Friday, July 25, 2008

Picking off The Gourds

Roots rock quintet guaranteed to entertain


By DANA DUGAN
Express Staff Writer

Courtesy photo by Andy Goodwin Get ready to hang with The Gourds

Headlining the opening night of the 31st Annual Northern Rockies Folk Festival, Friday, Aug. 1, Austin, Texas-based The Gourds are about as quirky a band as may be found. But fear not, its music is rock solid. Nine albums, the most recent being last year's "Noble Creatures," and die hard fans across the country have proven people love humor with its music.

Founded in the early 1990s, the band consists of Kevin Russell on vocals, guitar, mandolin and "what-nots" says the band's Web site. Jimmy Smith is on vocals, guitars, bass and "incidentals;" Claude Bernard plays accordion, keyboard, guitar, vocals and "network security." Keith Langford takes on drums, "advanced planning, systems analysis and driving" and Max Johnston (formerly of Uncle Tupelo and Wilco) plays fiddles, mandolin, guitar, banjo, lap steel, vocals and "ultimate karate."

"We have a lot of instruments going there," said Langford, the advance planner. "It an eclectic thing. Even though we use country instruments, elements and rhythms it's a metropolitan thing we do. We pick all different kind of styles. Might be cajun-y and then go into something that sounds like the Stones, and then bluegrass. We put it all that together. We have a massive amount of songs; rock and roll one night and bluegrass with mandolin and accordion the next."

Russell and Jimmy Smith split the songwriting duties, with Johnston throwing in a song or two every record.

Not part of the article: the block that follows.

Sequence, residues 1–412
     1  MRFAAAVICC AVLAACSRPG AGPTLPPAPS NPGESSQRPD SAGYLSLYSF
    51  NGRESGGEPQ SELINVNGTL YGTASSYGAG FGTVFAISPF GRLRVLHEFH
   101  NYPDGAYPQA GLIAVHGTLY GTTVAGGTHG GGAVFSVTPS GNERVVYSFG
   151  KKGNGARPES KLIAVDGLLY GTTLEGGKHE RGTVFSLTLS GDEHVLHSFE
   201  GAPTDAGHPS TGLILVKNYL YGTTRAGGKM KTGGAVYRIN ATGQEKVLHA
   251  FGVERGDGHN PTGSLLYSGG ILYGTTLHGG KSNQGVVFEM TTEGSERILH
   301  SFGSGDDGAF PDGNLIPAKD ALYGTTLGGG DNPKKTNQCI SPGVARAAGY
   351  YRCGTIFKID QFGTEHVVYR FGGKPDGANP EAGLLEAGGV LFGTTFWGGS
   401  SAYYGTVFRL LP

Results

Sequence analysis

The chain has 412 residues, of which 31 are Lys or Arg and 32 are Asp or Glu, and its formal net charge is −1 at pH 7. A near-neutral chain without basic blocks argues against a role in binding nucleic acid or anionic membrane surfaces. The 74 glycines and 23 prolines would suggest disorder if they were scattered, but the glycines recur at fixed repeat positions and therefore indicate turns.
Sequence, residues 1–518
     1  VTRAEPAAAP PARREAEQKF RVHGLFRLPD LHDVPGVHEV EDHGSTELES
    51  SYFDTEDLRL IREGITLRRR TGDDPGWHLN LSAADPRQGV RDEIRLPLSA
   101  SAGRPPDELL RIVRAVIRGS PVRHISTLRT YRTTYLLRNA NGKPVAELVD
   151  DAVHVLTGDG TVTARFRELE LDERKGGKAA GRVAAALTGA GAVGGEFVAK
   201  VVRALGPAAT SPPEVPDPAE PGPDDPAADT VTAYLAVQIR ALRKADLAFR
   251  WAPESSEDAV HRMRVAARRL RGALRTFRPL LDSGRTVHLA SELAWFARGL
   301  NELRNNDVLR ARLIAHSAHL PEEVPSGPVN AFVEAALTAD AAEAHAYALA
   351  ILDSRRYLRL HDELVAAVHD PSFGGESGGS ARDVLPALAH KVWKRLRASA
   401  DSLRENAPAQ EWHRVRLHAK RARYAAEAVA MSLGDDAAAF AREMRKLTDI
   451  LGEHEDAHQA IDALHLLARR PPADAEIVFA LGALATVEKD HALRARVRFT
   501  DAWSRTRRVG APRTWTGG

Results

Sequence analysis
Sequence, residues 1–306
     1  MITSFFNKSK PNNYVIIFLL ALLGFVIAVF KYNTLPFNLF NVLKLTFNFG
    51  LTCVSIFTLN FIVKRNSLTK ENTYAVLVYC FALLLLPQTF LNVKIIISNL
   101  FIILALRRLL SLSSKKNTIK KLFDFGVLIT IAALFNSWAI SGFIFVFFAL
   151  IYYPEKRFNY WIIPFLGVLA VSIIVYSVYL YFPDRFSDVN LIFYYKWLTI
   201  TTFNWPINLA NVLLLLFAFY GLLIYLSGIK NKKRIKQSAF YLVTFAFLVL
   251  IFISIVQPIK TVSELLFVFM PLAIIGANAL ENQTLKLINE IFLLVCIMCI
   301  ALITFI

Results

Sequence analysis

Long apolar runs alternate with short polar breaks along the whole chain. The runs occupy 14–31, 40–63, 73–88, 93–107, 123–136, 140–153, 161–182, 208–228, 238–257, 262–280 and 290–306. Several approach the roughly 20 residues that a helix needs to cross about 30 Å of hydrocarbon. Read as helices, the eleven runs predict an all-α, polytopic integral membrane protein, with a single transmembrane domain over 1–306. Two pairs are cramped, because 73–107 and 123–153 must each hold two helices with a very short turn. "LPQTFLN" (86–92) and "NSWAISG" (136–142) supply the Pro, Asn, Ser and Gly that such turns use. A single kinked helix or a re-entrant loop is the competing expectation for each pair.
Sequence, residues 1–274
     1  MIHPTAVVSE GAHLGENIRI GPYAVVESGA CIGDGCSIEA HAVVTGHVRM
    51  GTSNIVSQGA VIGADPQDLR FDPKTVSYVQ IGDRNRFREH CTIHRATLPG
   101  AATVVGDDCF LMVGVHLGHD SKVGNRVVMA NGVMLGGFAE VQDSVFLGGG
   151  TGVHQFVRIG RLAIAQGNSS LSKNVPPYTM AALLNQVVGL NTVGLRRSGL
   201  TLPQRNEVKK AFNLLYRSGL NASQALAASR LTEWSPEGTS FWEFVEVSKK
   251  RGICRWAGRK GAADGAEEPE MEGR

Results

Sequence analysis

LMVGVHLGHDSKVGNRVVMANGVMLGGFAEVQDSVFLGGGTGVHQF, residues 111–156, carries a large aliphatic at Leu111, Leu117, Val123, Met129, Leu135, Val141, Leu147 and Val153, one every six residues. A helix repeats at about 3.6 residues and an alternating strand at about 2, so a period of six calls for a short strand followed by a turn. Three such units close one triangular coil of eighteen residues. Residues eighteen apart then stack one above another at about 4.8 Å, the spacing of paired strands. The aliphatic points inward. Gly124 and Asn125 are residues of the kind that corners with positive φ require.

"He's the change up pitch that happens in the show," Langford said.

As for their incredible array of songs, they range from the completely twisted like "New Roommate," "Piss and Moan" and I Ate the Haggis," to ballads like "Promenade" which features the lyric, "Somehow my losing just comes natural/ Like a Southern democrat." But while ballads are deep and heartfelt they're a long way from tear inducing treacle.

The music is rich and textured, with reference-laden songs that bring to mind Steve Earle and The Band. In "My Name is Jorge, " they sing, "I once sold me an apple to William S. Burroughs/He shot up his dope, his Wine sap, his girl/And I sold me a lemon to Henry S. Ford/But he brought it back, I said, all sales are final."

"Die hard Gourd fans know all the old stuff," Langford said. "And they're delighted when they hear something old that's been rejuvenated. Everyone in the band has their own favorite album. We've been listening to old ones to rehash some material. Right now my current 'Bolsa de Agua.' There's a lot of humor in the band both on and off the stage. It comes out of the music for sure. It's meant to be lighthearted; not real serious. There are nights when the banter can be equally entertaining as the music. We're not a shoe gazing band."

With that he chuckled, tickled by the image and the absurdity of the notion.

For details, visit www.nrff.net.

Northern Rockies Folk Festival

· Friday, Aug. 1

5 p.m. Steelhead Redd

6:45 p.m. Marley's Ghost

8:30 p.m. The Gourds

· Saturday, Aug. 2

12:30 p.m. Sheryll Mae Grace

1:30 p.m. Finn Riggins

2:45 p.m. The Damphools

4 p.m. Jeremiah James Band

5:15 p.m. Kim Stocking Band

7 p.m. Marley's Ghost

8:30 p.m. Radney Foster

· Hailey City Park aka Hop Porter Park

· Tickets: $25 at the gate, $23 in advance from Chapter One in Ketchum, Notes Music in Hailey. Kids under 12 free.




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